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To Believe or Not to Believe—That Is the Question

Published on Feb 22, 2016.

I realize that by writing this—yet another response to someone else’s work—I run the risk of appearing as though I can’t come up with my own topics.  That could very well be true.  After all, I’m definitely pushing the deadline with this one.  However, I prefer to think that, for better or for worse, other writers just inspire me.

In this case, my inspiration comes not from our school’s advice column, but from the blog post of my fellow Honors student, Esther Frederick.  In her previous entry, “Challenging Thoughts Made Me Stronger,” Esther wrote about how our class’s discussion of homosexuality caused her to examine her beliefs, and she told us that, though she wasn’t a fan of the topic, she appreciated the fact that it eventually led to a strengthening of her convictions.

Like Esther, I went into the class with my own list of opinions, beliefs, and values.  Also like Esther, I ultimately left the class with a reinforced sense of said opinions, beliefs, and values.  Unlike Esther, however, my delight in the controversial subjects came not from the strengthening at the end, but from the questioning in the middle.  The journey itself was more important than the destination, and I, for one, enjoyed taking a different route.

It is my opinion that questioning your beliefs is a vital part of having beliefs.  Faith is essential, but in addition to knowing what you believe, you need to know why you believe it.  I find this especially true for myself, having been raised in a Christian household.  When I reached high school, I became compelled to reexamine nearly every aspect of my faith, making sure that I hadn’t just inherited my convictions from my parents, but that I actually believed them to be true.

And sometimes, I didn’t.

It was a difficult process.  In most cases, I had held the beliefs for years without ever really thinking about them.  When I finally took the time to consider them individually, some of them didn’t stand up to the scrutiny.  I had to let go of longstanding opinions.  I had to disagree with parents, friends, pastors, strangers.  For the first time in my life, I had to defend my beliefs to others.

That was the biggest change.  In my experience, no one asks you to explain your beliefs when they agree with them.

The most surprising thing in this process, however, was how little these minor ideological changes affected my core beliefs and values.  As I delved into the twisting tunnels of thorny theological conundrums and found myself coming out on a different side than I had before, I realized that, underneath it all, my faith remained relatively unchanged.  I was able to question my previously held notions, discard some, adopt others, and still maintain my Christianity.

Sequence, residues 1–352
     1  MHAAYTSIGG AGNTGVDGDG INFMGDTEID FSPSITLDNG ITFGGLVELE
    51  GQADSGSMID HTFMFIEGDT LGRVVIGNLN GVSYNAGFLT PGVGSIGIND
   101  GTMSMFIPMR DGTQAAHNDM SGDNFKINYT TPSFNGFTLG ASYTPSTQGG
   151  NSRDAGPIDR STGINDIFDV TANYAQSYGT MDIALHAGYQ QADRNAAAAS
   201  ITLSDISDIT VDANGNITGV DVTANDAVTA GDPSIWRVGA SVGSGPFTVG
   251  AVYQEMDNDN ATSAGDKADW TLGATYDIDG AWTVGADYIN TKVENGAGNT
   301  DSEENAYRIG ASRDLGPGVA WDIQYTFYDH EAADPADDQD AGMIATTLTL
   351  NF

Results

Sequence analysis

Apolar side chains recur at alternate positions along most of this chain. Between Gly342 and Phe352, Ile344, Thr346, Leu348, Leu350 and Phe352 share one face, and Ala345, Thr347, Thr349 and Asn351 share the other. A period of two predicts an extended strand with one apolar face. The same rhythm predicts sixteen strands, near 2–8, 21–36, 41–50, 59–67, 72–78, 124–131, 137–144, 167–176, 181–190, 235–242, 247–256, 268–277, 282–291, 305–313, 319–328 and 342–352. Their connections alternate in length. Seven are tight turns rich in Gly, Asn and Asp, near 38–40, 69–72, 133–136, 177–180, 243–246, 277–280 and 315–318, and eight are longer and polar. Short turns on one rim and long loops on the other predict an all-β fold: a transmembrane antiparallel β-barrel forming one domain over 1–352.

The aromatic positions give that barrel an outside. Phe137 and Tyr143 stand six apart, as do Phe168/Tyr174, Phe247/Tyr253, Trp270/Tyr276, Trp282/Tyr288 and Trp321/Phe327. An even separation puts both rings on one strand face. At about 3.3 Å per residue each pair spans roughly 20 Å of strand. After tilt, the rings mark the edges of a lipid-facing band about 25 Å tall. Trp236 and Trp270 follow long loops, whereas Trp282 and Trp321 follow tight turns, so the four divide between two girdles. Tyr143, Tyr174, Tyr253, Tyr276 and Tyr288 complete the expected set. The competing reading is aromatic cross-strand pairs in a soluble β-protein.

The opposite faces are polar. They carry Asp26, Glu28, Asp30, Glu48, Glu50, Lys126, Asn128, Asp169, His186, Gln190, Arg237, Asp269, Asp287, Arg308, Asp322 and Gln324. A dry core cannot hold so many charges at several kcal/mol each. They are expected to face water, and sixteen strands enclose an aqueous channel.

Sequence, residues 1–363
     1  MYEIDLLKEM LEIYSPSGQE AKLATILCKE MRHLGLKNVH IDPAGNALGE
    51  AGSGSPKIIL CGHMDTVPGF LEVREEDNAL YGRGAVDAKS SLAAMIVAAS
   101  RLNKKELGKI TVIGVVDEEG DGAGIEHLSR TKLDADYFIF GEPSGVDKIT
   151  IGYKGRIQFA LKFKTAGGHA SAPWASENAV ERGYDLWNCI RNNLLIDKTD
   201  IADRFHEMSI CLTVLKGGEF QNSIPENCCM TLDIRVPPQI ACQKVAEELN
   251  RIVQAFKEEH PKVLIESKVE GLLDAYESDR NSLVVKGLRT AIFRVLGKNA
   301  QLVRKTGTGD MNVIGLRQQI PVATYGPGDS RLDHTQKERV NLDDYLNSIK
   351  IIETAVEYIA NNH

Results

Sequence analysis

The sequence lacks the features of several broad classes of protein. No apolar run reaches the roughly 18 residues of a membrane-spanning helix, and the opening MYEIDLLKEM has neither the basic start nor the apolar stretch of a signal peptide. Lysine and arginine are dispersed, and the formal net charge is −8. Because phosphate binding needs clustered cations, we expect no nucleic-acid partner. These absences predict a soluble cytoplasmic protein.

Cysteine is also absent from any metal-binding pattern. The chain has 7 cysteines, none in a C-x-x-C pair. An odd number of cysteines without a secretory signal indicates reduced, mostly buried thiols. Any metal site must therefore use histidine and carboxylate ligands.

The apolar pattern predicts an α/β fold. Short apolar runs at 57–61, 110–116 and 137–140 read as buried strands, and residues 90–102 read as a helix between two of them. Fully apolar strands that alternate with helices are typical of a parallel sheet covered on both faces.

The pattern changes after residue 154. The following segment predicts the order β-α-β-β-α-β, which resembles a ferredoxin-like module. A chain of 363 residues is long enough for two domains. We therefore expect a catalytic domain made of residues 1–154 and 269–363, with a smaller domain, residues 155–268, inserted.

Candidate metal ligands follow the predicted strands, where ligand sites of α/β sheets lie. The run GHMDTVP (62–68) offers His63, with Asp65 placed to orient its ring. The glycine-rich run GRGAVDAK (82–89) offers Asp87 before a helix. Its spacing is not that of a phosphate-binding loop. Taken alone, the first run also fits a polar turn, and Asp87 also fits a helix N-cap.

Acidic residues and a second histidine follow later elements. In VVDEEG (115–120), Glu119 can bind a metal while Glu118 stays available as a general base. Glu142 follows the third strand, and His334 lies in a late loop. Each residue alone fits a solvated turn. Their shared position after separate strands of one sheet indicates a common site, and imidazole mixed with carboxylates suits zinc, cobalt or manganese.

While some might call this approach relativistic, I think of it as adaptive.  To me, seeing the Bible not as a dead document locked in a 1st Century mindset, but as something living and growing and dynamic only increases its relevancy and its power.  As a Church, we’ve already done it many times throughout history—we’ve stopped stoning people, we’ve ordained female pastors, we’ve outlawed slavery.

We’ve recognized that the Bible was written for a specific people at a specific time, and we’ve questioned whether the spirit of the Bible—which is love—still supports all of its decrees.

Despite how much the Church has changed since biblical times, this is an area that I don’t think is addressed enough in the Christian community.  Just like, and perhaps even more than, getting angry with God, there’s a taboo about questioning certain aspects of the theology, which may deter people from pursuing such a path, for fear of having their faith doubted by others.

I’m here to say, though, that it’s okay to question.  It’s okay to doubt.  It’s okay to pull out your faith and put it under a microscope and stare at it until you know exactly what’s there and what isn’t, what should be and what shouldn’t.

It’s even okay to change your beliefs if you find that you really don’t believe them anymore.

I used to think coffee tasted disgusting; now I don’t.  I used to think the Tooth Fairy was real; now I don’t.  I used to think I would become an artist when I grew up; now I don’t.  I used to think homosexuality was a sin.

Now I don’t.

I’m not writing this post to change anyone’s beliefs or even to encourage anyone to change their own.  Instead, I’m simply advocating an examination.  Really, truly look at what you believe and why you believe it.  Think and pray and seek advice, but in the end, come to your own decision because faith is a weighty thing and you’re the one who’s going to be carrying it.

If your questioning leads you to change your view of the world, that’s wonderful.  If it leads to a confirmation of what you already held to be true, that’s equally as awesome.  Either way, you’ll be able to stand firm in your convictions, ready to answer anyone who asks why you believe what you believe.

 

Honors College

The Honors College offers a unique, interdisciplinary educational experience for students who meet the academic qualifications and who desire stimulating participation in small, challenging classes.


Quote from an Honors College student, Kirsten Jenson“Honors College has prompted me to grow and determine where I fit in the academic world.”

—Kirsten Jenson (class of 2017)